Just realizing that the formula needs to change though is only the beginning.  It immediately leads straight to serious questions to conceptualize and implement:  now they have to figure out how to combine two different philosophies – one of proprietary branded editorial, and one of curation.

It’s a live laboratory as we get to see them take on the challenge, even as AOL and Huffington Post have a similar challenge of bringing their own two approaches together.

My comments to Fred are reprinted below; and Fred’s thoughts are here at Forbes.com.

There has been a backlash against Huffington Post in light of its acquisition last week by AOL.

People who were willing to contribute to HuffPo for free are suddenly irritated that the AOL deal creates a payoff for shareholders but not for them.  Since AOL is a publicly held corporate entity, these contributors’ expectations have changed, and now they want to get paid.

It’s a noisy revolt, but I think HuffPo’s dissident contributors are waving spatulas in the air, rather than guns.

Underlying these revisionist claims of exploitation, one thing has been clear from the get-go: The dominant motivation of the bloggers who have posted on Huffington Post has always been far more about narcissism than altruism.

The reason Arianna Huffington was able to attract such thoughtful and provocative bloggers in the first place was because her site is a promotion machine. With each new post and blogger added, Huffington’s creation became a more powerful destination. And that meant that the site was even more attractive to the next potential blogger. The choice for a new contributor was simple: Set up your own blog, and patiently hope you can build audience over a period of years, or join the club and get instant exposure. Like the AAA automobile club or AARP, the more members in the club, the greater the value became.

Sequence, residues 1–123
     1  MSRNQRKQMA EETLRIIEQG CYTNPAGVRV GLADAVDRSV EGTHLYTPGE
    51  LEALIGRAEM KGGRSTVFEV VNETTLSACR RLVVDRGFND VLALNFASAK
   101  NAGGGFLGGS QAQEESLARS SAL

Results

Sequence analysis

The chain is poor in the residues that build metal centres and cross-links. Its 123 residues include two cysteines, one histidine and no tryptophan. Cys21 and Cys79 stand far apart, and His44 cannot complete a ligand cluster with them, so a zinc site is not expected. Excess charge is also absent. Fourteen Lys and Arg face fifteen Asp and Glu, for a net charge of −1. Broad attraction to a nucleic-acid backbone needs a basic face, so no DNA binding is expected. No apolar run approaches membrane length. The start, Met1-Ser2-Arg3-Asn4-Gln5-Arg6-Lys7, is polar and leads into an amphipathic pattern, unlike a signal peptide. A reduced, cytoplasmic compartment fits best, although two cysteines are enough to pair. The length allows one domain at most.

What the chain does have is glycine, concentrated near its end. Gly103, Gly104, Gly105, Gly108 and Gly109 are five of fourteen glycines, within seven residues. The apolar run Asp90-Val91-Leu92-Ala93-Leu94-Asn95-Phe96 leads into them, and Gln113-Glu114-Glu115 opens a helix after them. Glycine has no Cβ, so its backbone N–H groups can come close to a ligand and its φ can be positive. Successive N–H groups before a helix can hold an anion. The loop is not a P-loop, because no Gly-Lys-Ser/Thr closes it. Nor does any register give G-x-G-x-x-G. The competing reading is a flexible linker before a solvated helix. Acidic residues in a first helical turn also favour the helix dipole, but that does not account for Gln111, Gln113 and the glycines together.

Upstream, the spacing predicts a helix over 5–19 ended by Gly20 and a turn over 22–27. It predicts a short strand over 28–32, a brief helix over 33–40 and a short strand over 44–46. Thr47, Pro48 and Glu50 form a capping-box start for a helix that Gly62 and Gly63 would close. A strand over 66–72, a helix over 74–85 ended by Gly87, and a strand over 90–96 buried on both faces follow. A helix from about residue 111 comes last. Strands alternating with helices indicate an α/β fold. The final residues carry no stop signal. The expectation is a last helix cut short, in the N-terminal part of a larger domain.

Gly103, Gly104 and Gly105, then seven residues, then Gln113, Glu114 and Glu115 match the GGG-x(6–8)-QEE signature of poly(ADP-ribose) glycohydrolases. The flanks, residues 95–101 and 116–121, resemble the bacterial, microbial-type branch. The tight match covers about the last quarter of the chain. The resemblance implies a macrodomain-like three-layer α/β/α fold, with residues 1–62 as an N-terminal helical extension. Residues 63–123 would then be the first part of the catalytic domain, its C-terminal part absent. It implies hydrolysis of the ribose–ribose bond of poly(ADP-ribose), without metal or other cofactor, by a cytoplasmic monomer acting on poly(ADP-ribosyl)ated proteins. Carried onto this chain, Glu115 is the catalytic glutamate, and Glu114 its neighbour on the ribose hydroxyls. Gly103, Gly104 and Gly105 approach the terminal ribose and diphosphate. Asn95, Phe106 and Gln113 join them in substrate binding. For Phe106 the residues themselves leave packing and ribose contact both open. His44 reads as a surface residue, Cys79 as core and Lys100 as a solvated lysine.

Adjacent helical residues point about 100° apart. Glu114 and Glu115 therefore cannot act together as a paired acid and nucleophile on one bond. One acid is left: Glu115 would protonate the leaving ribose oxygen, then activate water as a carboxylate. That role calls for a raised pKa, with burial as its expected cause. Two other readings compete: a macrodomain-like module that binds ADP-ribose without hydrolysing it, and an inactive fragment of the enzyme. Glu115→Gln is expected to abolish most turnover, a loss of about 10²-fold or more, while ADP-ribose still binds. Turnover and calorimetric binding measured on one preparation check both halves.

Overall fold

The benefits of joining Arianna’s legions were numerous: Posting at HuffPo offered instant reach, credentialing, and ego gratification. Make no mistake about it, these benefits were valued by contributors all along the way. (If they weren’t, then Huffington Post wouldn’t have any contributors in the first place.) In fact, these non-financial benefits have proved far more valuable to contributors than cash.

Looking back, then, it’s definitely been a win-win: Bloggers built their own value while creating value for HuffPo at the same time.  And in the AOL transaction, absolutely nothing changes that value equation retrospectively—except jealousy.

Now, on a prospective basis, the only question is whether the value received by contributors going forward will be just as great.

In terms of traffic, there’s no doubt that it will be. But the real issue is whether the HuffPo brand under AOL’s auspices will be as valuable when it comes to providing the most important of all of Huffington Post’s assets—the halo of its brand prestige. From my perspective, this remains to be seen.

And, finally, consider this: If The New York Times had acquired HuffPo, would there be a blogger revolt at all?  Absolutely not!

This highlights the greatest opportunity and the greatest risk for AOL and Arianna Huffington. If they can truly enhance the Huffington Post Media Group so that it’s an even stronger and more prestigious media destination, then their pipeline of great content will expand further, because the benefits of contributing will continue to grow. On the other hand, if the brand is diluted down to “old AOL” standards, then all will be lost.

Tim Armstrong was wise to put Arianna Huffington personally in charge of this, because the success of last week’s deal may very well hinge on her ability to promise, persuade, and deliver at a high bar. AOL will be relying on her strength of vision, her standards, and her personal brand to bolster not only the Huffington Post’s brand, but AOL’s as well.

So the real threat to Huffington Post’s contributors is not that they will be exploited; rather, it’s the potential loss of the media machine that has been promoting them for so long.